Since when did grey hair = no grey matter?

While it seems once again grey haired people are first in line for receiving pinks slips (a.k.a. layoff notices for those who aren’t familiar with the terms) it is not a result of simply a downturn in the economy.  It appears that companies have now determined that these people lack the grey matter to help move them forward.  That’s right; organisations now believe that older personnel lack the ability to adapt to the changing face of business.  They think that this demographic does not have the vision of young people and that they can not grasp the need for change or adapt to it fast enough.

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While this has been proven false, it is the younger and now a more aggressive generation that is pushing the concept.  Younger people are challenging the choices, positions, and experience of not only their fellow senior workers but their superiors. They are more confident often over confident and are not afraid to share their opinion that grey hair has lost its’ grey matter.

There was a time a few years back when if you were on the second story of an atrium and looked down to the lobby you would see many grey haired heads in the crowd, more grey than brown.  Today that view is vastly different; grey is an oddity.

It should be pointed out here that when speaking of grey hair we are not relegating that to the 60 plus group.  Greying includes the 50+ age group that now being challenged by the millennials.

Another phenomenon that is sweeping the business environment these days is that experience and longevity in a certain field are no longer a requirement for climbing the corporate ladder.  It is aggressiveness that wins the days.

So here is the secret to getting ahead in business, ignore your grey hair and grey matter lessons learned mentality and get aggressive.   Speak your mind even if whImage1458at you think has not be asked.  Develop your determination to be heard no matter what the topic.

Show that your ideas are valid and appropriate.

Speak loudly and often about what you are doing, not what you have done.

If you are pushing 50 or just over that hill, change your approach to match that of your younger colleagues as foreign and disrespectful as it may seem.  Learn to think in concepts more than facts.  Look at the issues from a broader perspective and don’t look to the past to solve the problem.  In fact, don’t refer to it at all use it as a personal  reference that you can relate to the present issue.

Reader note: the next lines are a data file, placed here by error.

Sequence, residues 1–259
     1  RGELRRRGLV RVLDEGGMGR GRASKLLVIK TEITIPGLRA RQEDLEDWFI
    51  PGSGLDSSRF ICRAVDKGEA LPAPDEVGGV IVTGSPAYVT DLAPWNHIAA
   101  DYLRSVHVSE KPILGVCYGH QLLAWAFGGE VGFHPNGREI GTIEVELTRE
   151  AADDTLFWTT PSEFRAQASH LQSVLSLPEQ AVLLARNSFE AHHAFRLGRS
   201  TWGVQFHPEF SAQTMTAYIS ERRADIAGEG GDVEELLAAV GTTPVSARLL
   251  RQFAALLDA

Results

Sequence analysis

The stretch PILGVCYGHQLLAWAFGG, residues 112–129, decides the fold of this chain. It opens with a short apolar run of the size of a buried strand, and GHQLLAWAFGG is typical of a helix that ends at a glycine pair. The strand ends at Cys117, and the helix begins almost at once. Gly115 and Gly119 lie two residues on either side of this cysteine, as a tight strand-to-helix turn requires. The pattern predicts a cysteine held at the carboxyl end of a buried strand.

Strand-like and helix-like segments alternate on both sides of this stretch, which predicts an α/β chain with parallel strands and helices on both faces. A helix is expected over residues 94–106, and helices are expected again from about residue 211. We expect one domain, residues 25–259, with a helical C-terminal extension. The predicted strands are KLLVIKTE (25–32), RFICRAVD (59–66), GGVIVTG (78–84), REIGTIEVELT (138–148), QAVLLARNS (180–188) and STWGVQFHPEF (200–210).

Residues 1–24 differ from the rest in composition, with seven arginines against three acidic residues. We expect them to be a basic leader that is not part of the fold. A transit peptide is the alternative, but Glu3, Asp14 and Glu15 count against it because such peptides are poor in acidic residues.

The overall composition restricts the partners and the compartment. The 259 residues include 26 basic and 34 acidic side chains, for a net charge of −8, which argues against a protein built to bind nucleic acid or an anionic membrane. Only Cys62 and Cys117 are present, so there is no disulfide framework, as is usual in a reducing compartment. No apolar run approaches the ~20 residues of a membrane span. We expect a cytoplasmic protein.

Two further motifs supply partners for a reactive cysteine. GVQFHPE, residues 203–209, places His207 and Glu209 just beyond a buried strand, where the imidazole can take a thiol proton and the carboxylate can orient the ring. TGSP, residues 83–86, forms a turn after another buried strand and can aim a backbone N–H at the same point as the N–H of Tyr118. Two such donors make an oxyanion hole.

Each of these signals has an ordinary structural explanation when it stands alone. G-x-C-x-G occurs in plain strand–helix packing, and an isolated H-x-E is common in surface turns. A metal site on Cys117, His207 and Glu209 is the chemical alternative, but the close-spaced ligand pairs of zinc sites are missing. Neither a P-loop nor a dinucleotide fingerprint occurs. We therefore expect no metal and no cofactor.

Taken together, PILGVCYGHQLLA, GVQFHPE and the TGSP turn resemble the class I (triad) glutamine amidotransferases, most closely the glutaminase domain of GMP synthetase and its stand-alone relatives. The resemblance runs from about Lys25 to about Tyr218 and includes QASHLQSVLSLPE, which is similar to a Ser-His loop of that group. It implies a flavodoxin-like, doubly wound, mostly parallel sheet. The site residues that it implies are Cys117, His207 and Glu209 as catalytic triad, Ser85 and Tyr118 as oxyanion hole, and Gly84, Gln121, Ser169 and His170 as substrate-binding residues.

If you follow any of the US election reality TV programmings, you will hear the many grey haired commentators revere the past elections.  They go one and on with statistics, how Regan did this, how Bush’s or Clinton’s campaign did something else.  And then you hear these historical theories be shot down by the new young millennial surrogates on both sides state their statistics are irrelevant in today’s’ election.    And you know what maybe they are right.

The world and technology have changed and continue to change at a rapid rate, but that does not mean that those of us that have been around long enough to witness it are not just as able to adapt to it.  What it does mean is that we need to acknowledge those changes and adopt them.  We can use our “experience” to see how the changes can work to make the old work in better and different ways.  And in doing so, we can effect change more quickly than those who see little benefit of looking at the past.

 

One of the most important changes we need to make is to ensure we do not get stuck in the past.  We are the ones that must use the past only as a marker, a starting point that is only considered a building block of the future but a springboard to get to the future fast and a reminder to not repeat the old, only improve upon it.  We are the guardian of knowledge that the new workforce is too impatient to concern themselves with.  It is our grey matter that we need to show as being something not only required but relevant to ensuring the mistakes of the past are not repeated.  We need to vocalize it and make management at every level aware of the value we bring.  We need to stand up and as the book says “lean in” to the conversation.  And while written for women it can be adopted for the older workforce.  In doing so, we can demonstrate that we are still able to lead the way forward just as well, if not better than our younger counter parts.  It is up to us to show them our time is not passed and that we are capable of moving at an even faster pace because of our age, in spite of it that we do indeed continue development of our grey matter.

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